Excerpts from California Supreme Court appears likely to uphold gay marriage ban by Howard Mintz of the Mercury News
The California Supreme Court today appeared inclined to uphold Proposition 8, but showed obvious reluctance to void thousands of same-sex marriages already in place when voters restored a ban on gay marriage last fall.
During three hours of arguments in San Francisco, the justices peppered lawyers opposing Proposition 8 with questions that suggested they do no believe they have the authority to trump the will of the voters.
At the same time, even justices who voted against striking down's California's previous ban on gay marriage, indicated that Proposition 8 should not wipe out an estimated 18,000 same-sex marriages that took place last year.
"Is that really fair to people who depended on what this court said was the law?" Justice Ming Chin asked Ken Starr, the former Clinton impeachment prosecutor who argued that same-sex marriages shouldn't be recognized under Proposition 8.
The justices are considering a high stakes legal challenge to the validity of the measure, which was approved by voters last fall and restored California's ban on gay marriage. The ballot measure, enacted by a 52 to 48 percent vote, erased last May's historic state Supreme Court ruling finding California's prior ban on same-sex marriage unconstitutional because it deprived gay couples of the equal right to wed.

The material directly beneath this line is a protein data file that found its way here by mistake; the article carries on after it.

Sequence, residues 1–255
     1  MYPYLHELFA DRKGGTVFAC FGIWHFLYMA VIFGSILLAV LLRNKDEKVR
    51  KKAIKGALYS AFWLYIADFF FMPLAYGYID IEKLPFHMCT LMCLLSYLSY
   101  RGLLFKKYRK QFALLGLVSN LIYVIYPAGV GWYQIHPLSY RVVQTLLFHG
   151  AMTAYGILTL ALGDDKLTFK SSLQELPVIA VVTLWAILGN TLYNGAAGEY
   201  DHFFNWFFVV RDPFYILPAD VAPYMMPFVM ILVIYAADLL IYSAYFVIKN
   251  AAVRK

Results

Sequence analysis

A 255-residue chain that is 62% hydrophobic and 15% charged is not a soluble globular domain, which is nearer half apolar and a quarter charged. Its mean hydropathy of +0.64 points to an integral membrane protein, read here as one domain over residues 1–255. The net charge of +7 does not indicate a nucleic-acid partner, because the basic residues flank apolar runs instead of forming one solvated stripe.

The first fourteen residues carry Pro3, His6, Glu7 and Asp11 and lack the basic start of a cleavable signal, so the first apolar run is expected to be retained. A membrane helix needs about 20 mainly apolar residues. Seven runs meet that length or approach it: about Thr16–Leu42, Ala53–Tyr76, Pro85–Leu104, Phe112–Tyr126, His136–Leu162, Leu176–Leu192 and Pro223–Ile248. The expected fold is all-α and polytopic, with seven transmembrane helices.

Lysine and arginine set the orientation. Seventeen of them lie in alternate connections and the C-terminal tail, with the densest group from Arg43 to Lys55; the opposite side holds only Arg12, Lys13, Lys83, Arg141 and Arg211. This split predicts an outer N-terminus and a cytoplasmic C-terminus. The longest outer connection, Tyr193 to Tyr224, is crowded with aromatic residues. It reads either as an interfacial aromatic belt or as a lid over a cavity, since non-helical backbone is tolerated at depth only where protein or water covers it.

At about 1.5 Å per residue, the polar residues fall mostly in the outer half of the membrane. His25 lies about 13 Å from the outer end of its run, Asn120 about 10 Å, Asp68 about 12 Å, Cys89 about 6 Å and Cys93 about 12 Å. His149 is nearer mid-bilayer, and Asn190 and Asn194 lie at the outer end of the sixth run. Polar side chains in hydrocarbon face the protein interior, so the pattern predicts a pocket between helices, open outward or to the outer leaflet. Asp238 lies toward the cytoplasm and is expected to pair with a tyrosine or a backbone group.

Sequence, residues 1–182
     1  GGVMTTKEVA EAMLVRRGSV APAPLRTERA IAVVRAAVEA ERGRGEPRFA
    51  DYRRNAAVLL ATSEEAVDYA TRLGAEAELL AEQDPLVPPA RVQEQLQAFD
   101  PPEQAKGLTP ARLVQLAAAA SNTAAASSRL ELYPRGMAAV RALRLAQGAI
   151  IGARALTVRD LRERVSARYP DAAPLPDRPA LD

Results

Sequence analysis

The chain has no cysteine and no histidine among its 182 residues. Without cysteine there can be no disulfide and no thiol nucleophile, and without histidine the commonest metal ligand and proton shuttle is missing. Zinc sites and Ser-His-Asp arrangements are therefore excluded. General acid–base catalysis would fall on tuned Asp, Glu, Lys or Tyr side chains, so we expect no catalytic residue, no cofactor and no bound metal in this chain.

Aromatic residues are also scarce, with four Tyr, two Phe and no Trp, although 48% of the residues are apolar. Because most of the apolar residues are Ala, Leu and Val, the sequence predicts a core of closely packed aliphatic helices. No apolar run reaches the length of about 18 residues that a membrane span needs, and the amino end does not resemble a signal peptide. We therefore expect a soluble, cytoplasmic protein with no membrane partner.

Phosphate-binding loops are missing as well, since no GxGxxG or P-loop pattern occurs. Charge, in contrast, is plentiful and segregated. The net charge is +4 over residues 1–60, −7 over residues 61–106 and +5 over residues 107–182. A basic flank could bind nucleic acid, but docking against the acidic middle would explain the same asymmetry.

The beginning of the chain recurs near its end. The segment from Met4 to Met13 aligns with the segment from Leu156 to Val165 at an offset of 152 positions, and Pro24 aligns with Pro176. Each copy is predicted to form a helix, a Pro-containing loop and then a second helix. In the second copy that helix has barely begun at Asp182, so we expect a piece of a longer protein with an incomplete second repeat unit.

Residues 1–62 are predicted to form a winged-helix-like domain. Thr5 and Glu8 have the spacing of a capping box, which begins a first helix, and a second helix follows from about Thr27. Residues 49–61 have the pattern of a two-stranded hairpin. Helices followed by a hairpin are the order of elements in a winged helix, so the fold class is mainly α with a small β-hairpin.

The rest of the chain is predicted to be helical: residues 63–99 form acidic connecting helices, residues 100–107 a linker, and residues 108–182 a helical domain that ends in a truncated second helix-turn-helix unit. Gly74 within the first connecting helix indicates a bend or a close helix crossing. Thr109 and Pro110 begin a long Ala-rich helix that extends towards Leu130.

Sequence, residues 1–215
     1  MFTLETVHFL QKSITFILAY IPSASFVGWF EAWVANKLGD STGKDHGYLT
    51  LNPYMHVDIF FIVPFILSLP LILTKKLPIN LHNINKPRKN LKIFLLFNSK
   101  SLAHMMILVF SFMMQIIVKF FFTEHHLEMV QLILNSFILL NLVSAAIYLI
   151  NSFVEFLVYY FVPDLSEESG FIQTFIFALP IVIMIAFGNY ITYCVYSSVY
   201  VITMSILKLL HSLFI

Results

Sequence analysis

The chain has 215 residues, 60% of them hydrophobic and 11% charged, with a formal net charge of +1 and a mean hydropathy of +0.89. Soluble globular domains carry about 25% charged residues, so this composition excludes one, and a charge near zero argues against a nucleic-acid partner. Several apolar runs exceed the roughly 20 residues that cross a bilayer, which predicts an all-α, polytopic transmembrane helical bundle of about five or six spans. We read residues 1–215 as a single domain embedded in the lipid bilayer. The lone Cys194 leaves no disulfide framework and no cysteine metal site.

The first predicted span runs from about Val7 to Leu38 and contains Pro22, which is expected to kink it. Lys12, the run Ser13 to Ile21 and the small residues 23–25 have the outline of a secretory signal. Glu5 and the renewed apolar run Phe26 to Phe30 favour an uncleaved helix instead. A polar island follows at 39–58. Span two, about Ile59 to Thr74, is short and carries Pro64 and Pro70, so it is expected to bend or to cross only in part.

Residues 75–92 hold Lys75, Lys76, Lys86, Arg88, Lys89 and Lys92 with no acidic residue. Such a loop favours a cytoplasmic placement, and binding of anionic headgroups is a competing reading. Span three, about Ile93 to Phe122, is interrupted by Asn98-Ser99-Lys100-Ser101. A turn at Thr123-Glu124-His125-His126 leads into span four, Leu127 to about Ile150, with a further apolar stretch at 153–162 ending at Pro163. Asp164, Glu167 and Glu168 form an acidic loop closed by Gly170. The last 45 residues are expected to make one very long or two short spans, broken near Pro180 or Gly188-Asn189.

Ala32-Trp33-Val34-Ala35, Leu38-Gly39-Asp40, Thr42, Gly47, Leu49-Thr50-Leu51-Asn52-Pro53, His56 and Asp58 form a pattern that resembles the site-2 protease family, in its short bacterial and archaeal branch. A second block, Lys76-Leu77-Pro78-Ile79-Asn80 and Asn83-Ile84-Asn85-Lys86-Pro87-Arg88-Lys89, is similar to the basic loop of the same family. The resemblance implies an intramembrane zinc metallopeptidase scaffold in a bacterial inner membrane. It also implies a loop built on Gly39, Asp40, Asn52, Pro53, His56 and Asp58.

Attorney General Jerry Brown also has refused to defend the law, saying it is unconstitutional and conflicts with last year's state Supreme Court ruling.
If the court upholds Proposition 8, the justices must still determine whether existing gay marriages are valid across the state. The justices agreed to review the case in November, producing an avalanche of legal arguments from all sides of the gay marriage debate. The Supreme Court now has 90 days to rule in the case, ensuring the fate of Proposition 8 will be determined before summer begins.